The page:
Felix Salmon

Elizabeth Spiers and the reinvented New York Observer

February 6, 2012

There are three main reasons that I like entering into bets with people. The first is, simply, that it’s fun. The second is that I love to win bets. And the third is that I love to lose them. I don’t ever trade the markets: all of my investments are strictly buy-and-hold, with a time horizon measured in decades. That rule has saved me a lot of money over the years, not that I ever had much inclination to trade in the first place. But it has also prevented me from learning the kind of lessons that all traders learn early and often.

Fantastic news on jobs

February 3, 2012

What mean reversion? This is two fantastic jobs reports back-to-back, with the second even better than the first.

The craven SEC, part 196

February 3, 2012

Edward Wyatt makes a very good point today — why is the SEC doing big favors for big banks, every time it slaps a fine on them?

NYT paywall datapoints of the day

February 2, 2012

Ken Doctor has a very smart and interesting take on the news that the NYT now has 390,000 paying digital subscribers — plus another 16,000 at the Boston Globe. It’s unambiguously good news, on many fronts.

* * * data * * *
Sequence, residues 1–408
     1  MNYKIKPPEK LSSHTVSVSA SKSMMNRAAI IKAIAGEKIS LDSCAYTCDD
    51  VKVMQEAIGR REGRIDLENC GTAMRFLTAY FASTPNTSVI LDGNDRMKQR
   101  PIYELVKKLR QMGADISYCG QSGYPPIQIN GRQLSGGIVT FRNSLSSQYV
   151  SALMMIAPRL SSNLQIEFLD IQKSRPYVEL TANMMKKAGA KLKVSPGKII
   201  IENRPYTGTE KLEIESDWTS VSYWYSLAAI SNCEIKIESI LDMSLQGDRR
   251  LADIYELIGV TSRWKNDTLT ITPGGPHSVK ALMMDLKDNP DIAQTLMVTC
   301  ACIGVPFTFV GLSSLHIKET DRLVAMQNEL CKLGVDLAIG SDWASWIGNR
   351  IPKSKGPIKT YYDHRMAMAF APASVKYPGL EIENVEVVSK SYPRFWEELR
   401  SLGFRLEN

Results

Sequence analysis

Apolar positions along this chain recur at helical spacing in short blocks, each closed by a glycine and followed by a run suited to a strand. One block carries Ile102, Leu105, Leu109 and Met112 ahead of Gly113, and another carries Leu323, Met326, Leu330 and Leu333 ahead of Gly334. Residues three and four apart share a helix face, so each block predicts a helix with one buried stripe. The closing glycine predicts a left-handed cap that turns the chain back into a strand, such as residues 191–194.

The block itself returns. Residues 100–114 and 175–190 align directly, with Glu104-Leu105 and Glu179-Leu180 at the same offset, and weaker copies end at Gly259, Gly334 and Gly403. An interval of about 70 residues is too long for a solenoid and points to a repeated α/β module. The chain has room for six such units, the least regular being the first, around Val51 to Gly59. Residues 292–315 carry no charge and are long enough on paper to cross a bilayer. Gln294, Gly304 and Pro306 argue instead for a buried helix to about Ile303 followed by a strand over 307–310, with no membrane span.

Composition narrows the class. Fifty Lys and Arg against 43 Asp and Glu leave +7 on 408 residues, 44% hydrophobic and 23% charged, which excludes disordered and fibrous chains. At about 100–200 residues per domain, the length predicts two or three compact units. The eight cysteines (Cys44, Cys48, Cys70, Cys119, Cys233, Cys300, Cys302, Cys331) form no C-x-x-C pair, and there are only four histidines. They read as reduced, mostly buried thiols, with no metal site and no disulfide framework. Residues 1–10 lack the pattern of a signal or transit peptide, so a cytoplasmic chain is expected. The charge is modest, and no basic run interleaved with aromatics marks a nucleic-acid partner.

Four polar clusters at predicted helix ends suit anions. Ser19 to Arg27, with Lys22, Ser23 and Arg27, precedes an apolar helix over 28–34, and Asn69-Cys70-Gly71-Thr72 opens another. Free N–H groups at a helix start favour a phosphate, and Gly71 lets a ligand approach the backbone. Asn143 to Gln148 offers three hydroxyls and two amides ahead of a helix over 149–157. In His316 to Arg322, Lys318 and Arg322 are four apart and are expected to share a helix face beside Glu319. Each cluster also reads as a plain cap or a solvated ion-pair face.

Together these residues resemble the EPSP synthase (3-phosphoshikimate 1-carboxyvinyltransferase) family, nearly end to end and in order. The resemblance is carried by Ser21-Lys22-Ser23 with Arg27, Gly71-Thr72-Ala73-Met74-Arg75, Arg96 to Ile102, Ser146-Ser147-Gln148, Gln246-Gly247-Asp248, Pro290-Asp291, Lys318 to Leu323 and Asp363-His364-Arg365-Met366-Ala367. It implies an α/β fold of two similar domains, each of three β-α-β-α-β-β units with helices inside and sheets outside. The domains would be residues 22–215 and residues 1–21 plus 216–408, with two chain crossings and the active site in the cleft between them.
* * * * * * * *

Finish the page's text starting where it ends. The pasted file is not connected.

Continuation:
Why jobs require cities

February 2, 2012

Many thanks to Mark Bergen for finding me this data; I asked him for it because I thought that maybe we could learn something from the way in which China has managed to keep employment growing steadily through some extremely turbulent economic times.

Broke bureaucrat of the day, St Louis Fed edition

February 1, 2012

Binyamin Appelbaum has helpfully aggregated all the Fed presidents’ financial disclosure statements in one place. The richest Fed president is Dallas’s Richard Fisher, who used to run an investment fund called Value Partners. And the legacy of Value Partners is still visible in Fisher’s statement: he owns more than $500,000 of stock in an obscure clothing company called Cherokee Inc, for instance, which was one of Value Partners’s biggest investments.

The true costs of prepaid debit cards

February 1, 2012

Anisha Sekar of Nerdwallet has officially launched a comparison tool which allows you to work out which prepaid debit card might be best for you — and, crucially, allows you to compare the cost of a prepaid debit card to the cost of a bank account. Nerdwallet has run the numbers about as many ways as is humanly possible, and has come to the empirical conclusion that it “is very rarely the case” that prepaid debit is cheaper than checking.

Freddie Mac and the inverse floaters, cont.

February 1, 2012

Jesse Eisinger is back with a follow-up to his original piece about Freddie Mac and the inverse floaters; he’s also left a long comment on this blog, responding to various criticisms of his story which appeared in the blogosphere.